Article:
Day 11: Jack Frost Would Have Been an Amazing Made-For-TV Movie

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I think everyone has a movie or song where you feel like you shouldn’t like it. Like you can point out everything there is not to like about it or pick out every flaw in it…but in the end, you just enjoy it. Why you like the particular thing is often hard to explain, you either are hiding why you like it even from yourself or you simply just enjoy it when you’re not over thinking things. For me, at least in terms of Christmas movies, Jack Frost is that film for me. There is so much not to like about it, from its poorly made CGI or it’s overly cheesy story that feels really unoriginal… when I see it my brain screams are me to see all the things that are wrong about it…but when I sit back, relax, and watch the movie– even with that tiny voice in my head… I still really like this film.


As a touring musician clinging to dreams of stardom, aging rocker Jack Frost (Michael Keaton) never had much time for his wife, Gabby (Kelly Preston), and young son, Charlie (Joseph Cross). A year after Jack’s tragic death in a car accident on Christmas Day, Charlie plays a mournful tune on his father’s harmonica. Much to his surprise, the elder Frost is magically brought to life as a snowman on the family lawn. Given a second chance, Charlie and Jack struggle to make up for lost time.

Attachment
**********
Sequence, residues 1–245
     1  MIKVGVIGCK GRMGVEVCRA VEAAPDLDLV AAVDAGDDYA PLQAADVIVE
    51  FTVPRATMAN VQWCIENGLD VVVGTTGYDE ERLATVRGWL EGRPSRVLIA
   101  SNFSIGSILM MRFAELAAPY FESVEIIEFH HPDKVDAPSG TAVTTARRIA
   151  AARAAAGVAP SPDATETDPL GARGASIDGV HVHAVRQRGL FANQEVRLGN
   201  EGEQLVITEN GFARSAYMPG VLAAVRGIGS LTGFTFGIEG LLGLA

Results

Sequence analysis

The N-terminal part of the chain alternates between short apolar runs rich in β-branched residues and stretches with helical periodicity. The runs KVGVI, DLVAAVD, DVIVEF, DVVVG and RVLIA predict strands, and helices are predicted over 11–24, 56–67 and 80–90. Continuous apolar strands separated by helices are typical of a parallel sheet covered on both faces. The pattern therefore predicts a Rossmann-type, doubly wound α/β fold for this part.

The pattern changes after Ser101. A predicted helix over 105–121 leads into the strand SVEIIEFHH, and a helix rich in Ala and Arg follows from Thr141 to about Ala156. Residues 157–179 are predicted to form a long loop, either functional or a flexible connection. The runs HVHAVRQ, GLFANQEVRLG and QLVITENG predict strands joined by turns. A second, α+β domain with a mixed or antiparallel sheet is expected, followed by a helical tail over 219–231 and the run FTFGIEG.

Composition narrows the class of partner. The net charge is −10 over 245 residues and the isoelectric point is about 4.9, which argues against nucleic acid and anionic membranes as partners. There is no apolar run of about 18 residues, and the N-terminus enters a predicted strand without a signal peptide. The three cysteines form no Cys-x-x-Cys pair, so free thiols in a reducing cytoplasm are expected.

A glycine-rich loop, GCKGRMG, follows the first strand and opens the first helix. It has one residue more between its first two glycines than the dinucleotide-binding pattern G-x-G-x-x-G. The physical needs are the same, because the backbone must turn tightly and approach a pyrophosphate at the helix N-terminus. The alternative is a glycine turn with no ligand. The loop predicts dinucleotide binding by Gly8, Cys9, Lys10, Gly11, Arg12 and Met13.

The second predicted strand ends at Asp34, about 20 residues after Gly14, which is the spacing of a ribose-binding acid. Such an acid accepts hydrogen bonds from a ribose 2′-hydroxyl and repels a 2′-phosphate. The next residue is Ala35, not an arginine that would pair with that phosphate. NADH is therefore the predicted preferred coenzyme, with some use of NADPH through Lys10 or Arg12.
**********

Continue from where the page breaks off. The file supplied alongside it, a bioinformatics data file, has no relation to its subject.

jack-frost-1998-05-gNow, I am going to do this review under the assumption that, like the majority, you’re NOT like me and don’t have a weakness in your heart for this film. That being said, here is what I like about the movie overall: It is a heartwarming story about a father getting a second chance with his son after the father’s untimely death. I like that the beginning of the movie balances the family… Jack is a very good husband and loving father despite the fact that he is often away trying to make it big in his music career. And, while this distance does provide a bit of angst on his kid’s side, there is no doubt that the family truly loves each other– I just love the entire family dynamic at the beginning.